Bradley was coming off an exceptional season with the Rangers, but it was one in which he had his usual problems staying healthy even while serving primarily as a DH.  Bradley turned out to be a disaster with the Cubs, hitting .257 and driving in 40 runs in his one year with the team before being dealt for an even worse contract (Seattle’s Carlos Silva).

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In my opinion, it was long past time for Hendry to go.  He had some good instincts when it came to players to pursue on the cheap, but when he was given money to spend, he typically did so unwisely and his drafts were often disappointing.  In fact, not one of his first- or supplemental first-round picks has turned into an asset yet, and for a GM on the job for nine years, that’s pretty damning.

I think Hendry might have been better off as the GM of a small-market team (preferably with better scouting directors).  There would have been no Soriano, Bradley or Kosuke Fukudome.  Forced to limit his expendatures, Hendry might have come up with more Dempsters, DeRosas and Marlon Byrds.  It’s not that his tenure was a total disaster, but the Cubs job probably wasn’t ever the right one for him.

Report: Astros remain in contact with the Athletics on Sonny Gray

OAKLAND, CA - AUGUST 06: Sonny Gray #54 of the Oakland Athletics pitches against the Chicago Cubs during the first inning at the Oakland Coliseum on August 6, 2016 in Oakland, California. (Photo by Jason O. Watson/Getty Images)
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The Astros remain in contact with the Athletics on starting pitcher Sonny Gray, Ken Rosenthal of FOX Sports reports. The Astros have added Charlie Morton this offseason, but the club has been trying to add a big-name starting pitcher to put at the top of the rotation behind Dallas Keuchel.

Gray, 27, was limited to 22 starts in the 2016 season due to a forearm issue. His stats left a lot to be desired, as he finished with a 5-11 record, a 5.69 ERA, and a 94/42 K/BB ratio over 117 innings. Considering how Gray pitched in the previous three years, he’s a good bet to bounce back.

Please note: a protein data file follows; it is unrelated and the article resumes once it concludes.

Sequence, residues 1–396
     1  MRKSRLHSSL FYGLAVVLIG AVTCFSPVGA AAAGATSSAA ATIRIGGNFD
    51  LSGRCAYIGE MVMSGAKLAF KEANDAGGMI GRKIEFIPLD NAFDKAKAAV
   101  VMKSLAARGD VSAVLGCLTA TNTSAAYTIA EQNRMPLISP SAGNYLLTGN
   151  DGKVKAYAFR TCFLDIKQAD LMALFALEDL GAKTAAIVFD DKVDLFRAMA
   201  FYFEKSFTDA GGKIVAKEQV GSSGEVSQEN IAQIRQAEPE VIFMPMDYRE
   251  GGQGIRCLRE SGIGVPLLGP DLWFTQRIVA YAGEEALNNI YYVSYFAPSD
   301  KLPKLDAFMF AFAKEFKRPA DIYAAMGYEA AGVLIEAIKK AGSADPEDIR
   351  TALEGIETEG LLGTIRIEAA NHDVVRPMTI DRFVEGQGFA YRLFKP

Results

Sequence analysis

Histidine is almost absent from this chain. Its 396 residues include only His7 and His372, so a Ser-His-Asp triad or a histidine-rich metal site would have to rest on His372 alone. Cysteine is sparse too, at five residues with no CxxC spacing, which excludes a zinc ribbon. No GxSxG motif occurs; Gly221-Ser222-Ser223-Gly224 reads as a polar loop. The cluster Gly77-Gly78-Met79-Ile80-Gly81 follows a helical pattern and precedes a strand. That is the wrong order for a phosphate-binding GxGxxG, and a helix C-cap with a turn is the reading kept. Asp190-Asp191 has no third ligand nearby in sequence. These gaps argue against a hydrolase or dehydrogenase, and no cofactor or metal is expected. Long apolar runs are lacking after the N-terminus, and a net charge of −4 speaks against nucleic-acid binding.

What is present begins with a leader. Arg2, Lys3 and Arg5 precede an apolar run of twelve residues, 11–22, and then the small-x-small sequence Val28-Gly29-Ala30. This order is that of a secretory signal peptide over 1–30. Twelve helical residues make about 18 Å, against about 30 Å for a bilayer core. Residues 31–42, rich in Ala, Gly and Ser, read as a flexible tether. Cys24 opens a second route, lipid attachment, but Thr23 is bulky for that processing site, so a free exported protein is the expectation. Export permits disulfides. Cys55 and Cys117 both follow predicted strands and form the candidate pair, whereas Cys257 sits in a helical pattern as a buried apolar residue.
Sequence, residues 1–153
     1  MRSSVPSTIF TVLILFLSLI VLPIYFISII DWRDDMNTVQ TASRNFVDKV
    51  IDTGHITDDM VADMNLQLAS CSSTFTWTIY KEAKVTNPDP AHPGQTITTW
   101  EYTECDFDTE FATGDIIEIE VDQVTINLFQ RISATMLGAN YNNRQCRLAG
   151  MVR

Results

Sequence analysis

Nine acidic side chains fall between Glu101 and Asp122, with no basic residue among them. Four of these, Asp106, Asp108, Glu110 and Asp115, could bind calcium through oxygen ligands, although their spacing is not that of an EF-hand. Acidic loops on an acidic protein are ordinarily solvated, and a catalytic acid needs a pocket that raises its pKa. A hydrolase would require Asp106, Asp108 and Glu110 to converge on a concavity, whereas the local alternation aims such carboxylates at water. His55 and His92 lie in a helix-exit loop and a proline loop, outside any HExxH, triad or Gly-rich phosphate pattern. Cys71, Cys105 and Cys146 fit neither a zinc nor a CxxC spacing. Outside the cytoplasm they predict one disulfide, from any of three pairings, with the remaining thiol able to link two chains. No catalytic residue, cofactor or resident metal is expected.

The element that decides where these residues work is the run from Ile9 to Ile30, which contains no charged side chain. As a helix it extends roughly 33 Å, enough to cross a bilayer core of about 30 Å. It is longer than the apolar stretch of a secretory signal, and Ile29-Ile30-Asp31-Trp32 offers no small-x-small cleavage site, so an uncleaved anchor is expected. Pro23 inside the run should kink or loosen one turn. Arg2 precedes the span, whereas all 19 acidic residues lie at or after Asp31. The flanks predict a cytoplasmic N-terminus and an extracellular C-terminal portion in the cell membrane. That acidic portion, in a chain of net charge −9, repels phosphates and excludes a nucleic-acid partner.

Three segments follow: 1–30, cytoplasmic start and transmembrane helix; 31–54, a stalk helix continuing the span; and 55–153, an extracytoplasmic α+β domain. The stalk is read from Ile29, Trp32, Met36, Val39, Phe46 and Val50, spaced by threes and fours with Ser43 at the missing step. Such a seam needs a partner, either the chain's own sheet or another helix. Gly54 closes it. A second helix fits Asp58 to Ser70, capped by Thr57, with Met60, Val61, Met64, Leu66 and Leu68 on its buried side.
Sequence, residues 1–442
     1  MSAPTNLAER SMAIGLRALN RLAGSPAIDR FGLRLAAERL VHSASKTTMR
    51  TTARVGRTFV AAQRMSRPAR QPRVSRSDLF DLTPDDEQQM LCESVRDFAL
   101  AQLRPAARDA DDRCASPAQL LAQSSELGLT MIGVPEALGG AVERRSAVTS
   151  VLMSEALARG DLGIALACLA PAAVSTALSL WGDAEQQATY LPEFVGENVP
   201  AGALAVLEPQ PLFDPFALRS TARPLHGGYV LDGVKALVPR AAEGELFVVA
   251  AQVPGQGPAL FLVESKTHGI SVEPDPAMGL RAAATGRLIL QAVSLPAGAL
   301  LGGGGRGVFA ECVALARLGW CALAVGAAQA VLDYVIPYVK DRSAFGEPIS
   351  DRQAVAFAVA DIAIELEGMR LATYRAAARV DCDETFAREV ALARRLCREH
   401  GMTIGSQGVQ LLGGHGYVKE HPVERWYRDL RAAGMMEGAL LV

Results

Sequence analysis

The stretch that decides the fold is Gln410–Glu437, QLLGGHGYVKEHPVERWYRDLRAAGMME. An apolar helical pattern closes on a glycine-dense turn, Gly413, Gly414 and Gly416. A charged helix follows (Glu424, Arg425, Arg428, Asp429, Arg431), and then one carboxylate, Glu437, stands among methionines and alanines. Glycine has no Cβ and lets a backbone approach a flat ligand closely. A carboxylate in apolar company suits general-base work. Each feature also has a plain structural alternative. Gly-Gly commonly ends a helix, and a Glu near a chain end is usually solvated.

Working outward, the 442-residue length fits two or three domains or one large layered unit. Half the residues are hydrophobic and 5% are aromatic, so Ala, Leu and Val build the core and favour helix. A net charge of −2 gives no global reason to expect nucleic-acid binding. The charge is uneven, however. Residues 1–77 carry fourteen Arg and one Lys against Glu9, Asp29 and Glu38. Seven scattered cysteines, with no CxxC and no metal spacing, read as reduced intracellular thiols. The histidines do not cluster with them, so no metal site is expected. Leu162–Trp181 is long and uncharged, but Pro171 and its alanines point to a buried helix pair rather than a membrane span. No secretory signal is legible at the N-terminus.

Gray is under team control through 2019, which is a big draw for the Astros. Needless to say, the Athletics would want a haul in terms of prospects. Gray will earn $3.575 million in 2017, having avoided arbitration in his first year of eligibility.

President Obama Welcomes the Cubs to the White House

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As we noted last week, The Chicago Cubs took the unusual step of not waiting until the summer after winning the World Series to make their customary White House visit to meet the president. They did it today, seeing President Obama a few short days before he leaves office.

Despite the fact that Obama is a White Sox fan, he met the Cubs with diplomacy and grace. It’s almost as if he’s been in that business for the past eight years. In return, he was given some gifts by the Cubs: Theo Epstein presented Obama with a No. 44 Cubs jersey, a tile from the center field scoreboard at Wrigley Field, and a lifetime pass to Wrigley as well.

Obama is staying in D.C. after he leaves office this week, hanging around so his daughter can finish high school in the same place she started. Even so, he’s likely going to be back to Chicago a good bit over the rest of his life, so he’ll likely be able to put the free pass to work. Assuming it comes with, like, six companion passes for his Secret Service detail.